France Speaks the Truth about Hamas and Israel

Israel is not yet the land of croissants, camembert, and châteauneuf du pape.  Nevertheless, the strongest, unequivocal support it has received in the current fighting with Hamas has come from French President François Hollande.  That unequivocal support may help influence and correct the many Western advocates of moral equivalence, those blaming Israel and the terrorist group Hamas equally for the outbreak and the continuing violence in Israel and the Gaza Strip.

Even accepting the premise of legitimate differences of opinion about the conflict and responsibility for the outbreak, this does not entail a moral calculus of equivalence of blame between the contending parties.  Political commentary on the present hostilities and policy-making should be based on real events, behavior, and objectives.

It is undeniable that Hamas for at least a decade has been relentless in its aggression against the State of Israel, even after total Israeli withdrawal of its troops from the Gaza Strip and the dismantling of all Israeli settlements there in August 2005.

There is no secret about Hamas’s real objectives.  Even those sympathetic to the Palestinian cause may now be aware of the songs being sung on the Hamas TV station: “Fire your rockets, make them explode…victory is from Allah…O Martyrdom seeker, O blaze, hurry, blow up Tel Aviv.”  Hamas has given fair warning to Israeli citizens: “wait for suicide attacks on every bus, café, and street…start counting the number of coffins you’ll need.”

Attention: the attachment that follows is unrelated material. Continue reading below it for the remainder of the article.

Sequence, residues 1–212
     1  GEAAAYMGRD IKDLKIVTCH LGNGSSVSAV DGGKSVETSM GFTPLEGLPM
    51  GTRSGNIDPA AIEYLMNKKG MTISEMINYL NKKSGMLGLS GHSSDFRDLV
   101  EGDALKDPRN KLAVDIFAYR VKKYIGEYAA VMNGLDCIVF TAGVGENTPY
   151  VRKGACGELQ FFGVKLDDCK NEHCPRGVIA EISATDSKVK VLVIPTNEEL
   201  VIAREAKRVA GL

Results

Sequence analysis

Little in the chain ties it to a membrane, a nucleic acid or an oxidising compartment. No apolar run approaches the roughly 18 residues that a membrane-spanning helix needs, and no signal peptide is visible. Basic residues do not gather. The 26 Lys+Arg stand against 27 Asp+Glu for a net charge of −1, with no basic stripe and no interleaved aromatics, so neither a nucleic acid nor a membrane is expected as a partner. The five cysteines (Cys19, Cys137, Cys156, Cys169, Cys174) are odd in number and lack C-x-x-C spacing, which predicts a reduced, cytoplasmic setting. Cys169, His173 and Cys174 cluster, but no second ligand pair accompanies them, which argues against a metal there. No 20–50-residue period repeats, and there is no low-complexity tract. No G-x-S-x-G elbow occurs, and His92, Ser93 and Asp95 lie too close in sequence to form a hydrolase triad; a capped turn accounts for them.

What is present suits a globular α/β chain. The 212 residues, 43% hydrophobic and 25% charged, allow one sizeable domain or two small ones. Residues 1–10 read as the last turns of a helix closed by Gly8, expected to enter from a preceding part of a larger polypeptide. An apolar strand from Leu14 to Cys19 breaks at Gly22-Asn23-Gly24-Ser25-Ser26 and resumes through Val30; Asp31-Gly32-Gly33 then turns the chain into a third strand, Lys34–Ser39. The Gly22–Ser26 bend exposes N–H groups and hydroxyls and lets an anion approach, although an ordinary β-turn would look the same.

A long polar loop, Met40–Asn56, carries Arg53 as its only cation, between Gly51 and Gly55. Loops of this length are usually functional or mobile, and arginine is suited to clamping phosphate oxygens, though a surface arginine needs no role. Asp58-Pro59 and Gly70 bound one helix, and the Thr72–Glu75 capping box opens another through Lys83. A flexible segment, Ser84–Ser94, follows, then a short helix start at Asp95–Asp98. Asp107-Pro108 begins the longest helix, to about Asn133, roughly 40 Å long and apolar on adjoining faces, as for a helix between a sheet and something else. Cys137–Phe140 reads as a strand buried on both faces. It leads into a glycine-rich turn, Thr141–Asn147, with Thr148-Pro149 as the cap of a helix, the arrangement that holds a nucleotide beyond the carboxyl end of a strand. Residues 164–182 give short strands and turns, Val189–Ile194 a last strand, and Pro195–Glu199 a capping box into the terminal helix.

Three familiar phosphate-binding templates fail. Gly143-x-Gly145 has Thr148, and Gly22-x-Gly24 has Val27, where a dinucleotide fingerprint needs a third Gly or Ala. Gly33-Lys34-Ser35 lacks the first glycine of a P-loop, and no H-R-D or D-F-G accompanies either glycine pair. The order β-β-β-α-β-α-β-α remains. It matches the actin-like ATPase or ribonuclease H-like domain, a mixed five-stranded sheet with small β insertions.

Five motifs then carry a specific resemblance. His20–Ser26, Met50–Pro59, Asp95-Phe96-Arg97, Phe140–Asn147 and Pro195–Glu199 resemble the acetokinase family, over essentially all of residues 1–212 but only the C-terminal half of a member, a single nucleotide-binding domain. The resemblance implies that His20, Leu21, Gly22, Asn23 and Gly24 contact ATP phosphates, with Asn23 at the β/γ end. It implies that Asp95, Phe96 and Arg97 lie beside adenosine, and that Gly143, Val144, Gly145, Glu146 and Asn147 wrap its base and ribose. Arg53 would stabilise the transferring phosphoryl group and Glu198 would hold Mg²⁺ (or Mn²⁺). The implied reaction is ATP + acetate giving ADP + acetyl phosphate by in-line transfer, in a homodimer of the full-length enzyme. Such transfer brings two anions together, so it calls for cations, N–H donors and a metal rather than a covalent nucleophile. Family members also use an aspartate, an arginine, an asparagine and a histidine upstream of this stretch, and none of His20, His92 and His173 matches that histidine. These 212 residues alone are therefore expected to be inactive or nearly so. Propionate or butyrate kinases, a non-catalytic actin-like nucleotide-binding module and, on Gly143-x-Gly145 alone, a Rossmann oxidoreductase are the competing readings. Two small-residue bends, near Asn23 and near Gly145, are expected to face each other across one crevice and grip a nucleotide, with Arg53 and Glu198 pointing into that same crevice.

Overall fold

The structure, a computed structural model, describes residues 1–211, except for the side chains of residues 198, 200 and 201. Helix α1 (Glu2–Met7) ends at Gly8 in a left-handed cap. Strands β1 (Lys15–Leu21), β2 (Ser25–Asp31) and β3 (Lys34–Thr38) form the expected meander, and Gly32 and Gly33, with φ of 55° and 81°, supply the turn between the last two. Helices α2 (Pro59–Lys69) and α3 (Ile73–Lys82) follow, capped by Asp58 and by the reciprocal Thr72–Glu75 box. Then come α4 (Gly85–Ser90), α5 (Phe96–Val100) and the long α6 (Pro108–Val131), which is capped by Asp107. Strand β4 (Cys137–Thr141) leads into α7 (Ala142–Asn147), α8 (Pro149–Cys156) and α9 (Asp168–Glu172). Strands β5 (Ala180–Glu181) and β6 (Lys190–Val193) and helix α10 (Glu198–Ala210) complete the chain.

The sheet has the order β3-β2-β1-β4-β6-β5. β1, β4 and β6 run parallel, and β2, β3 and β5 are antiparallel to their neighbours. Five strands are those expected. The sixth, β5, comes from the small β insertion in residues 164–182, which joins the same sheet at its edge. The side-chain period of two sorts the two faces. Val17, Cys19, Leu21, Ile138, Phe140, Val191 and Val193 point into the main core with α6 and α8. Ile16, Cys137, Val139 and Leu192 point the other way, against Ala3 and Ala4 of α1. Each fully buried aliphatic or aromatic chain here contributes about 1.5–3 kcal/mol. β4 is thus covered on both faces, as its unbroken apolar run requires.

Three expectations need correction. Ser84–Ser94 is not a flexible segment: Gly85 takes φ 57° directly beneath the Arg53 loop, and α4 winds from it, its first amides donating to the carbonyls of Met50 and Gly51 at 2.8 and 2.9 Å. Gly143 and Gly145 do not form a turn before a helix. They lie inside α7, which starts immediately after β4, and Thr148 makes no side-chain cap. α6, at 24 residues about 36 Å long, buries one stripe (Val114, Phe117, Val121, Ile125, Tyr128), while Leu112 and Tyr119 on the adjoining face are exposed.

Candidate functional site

The key disquieting factor in the present situation is the increase in the capacity, as well as the determination, of Hamas with its 16,000 rockets to inflict harm on Israel.  The rockets fired by Hamas from Gaza have become more accurate and more deadly in their increased range and can strike deep in Israeli population centers.  The rockets made in Gaza have a range of only about 12 miles; they were able to reach the towns of Sderot and Ashkelon.  The newer rockets that Hamas has obtained from Syria (M-302s) have a range of more than 90 miles; those received from Iran (FAJR-5s) have a range of 45 miles.  Life in central and southern Israel has been disrupted, as schools have been closed and people are obliged to stay in their homes.

The dilemma for Israel is how to respond to the threat of these rockets that can reach the areas in the country in which about two thirds of the population, about five million, live.  The strong Israeli response has focused on eliminating the rocket-launching sites, military facilities in general, Hamas militants, and the underground tunnels on the Egyptian border that have been used to smuggle arms.

Israel has retaliated by an intensive aerial assault against the targets in Gaza as well as by using the Iron Dome missile defense system that intercepts projectiles aimed at populated areas.  In two days of fighting, Israel has hit 750 sites in response to the 400 rockets launched by Hamas.

A serious public relations problem for Israel is that Gaza civilians as well as terrorists have been killed in the raids.  Israel has attempted to avoid this outcome.  But the reality is that Hamas has deliberately endangered Palestinian civilians.  It has fired rockets from inside houses and in neighborhoods populated with civilians.  Its armed militants often dress as civilians.  Hamas is aware that as a result of the deaths of Gaza civilians, the international environment automatically becomes more critical of Israel.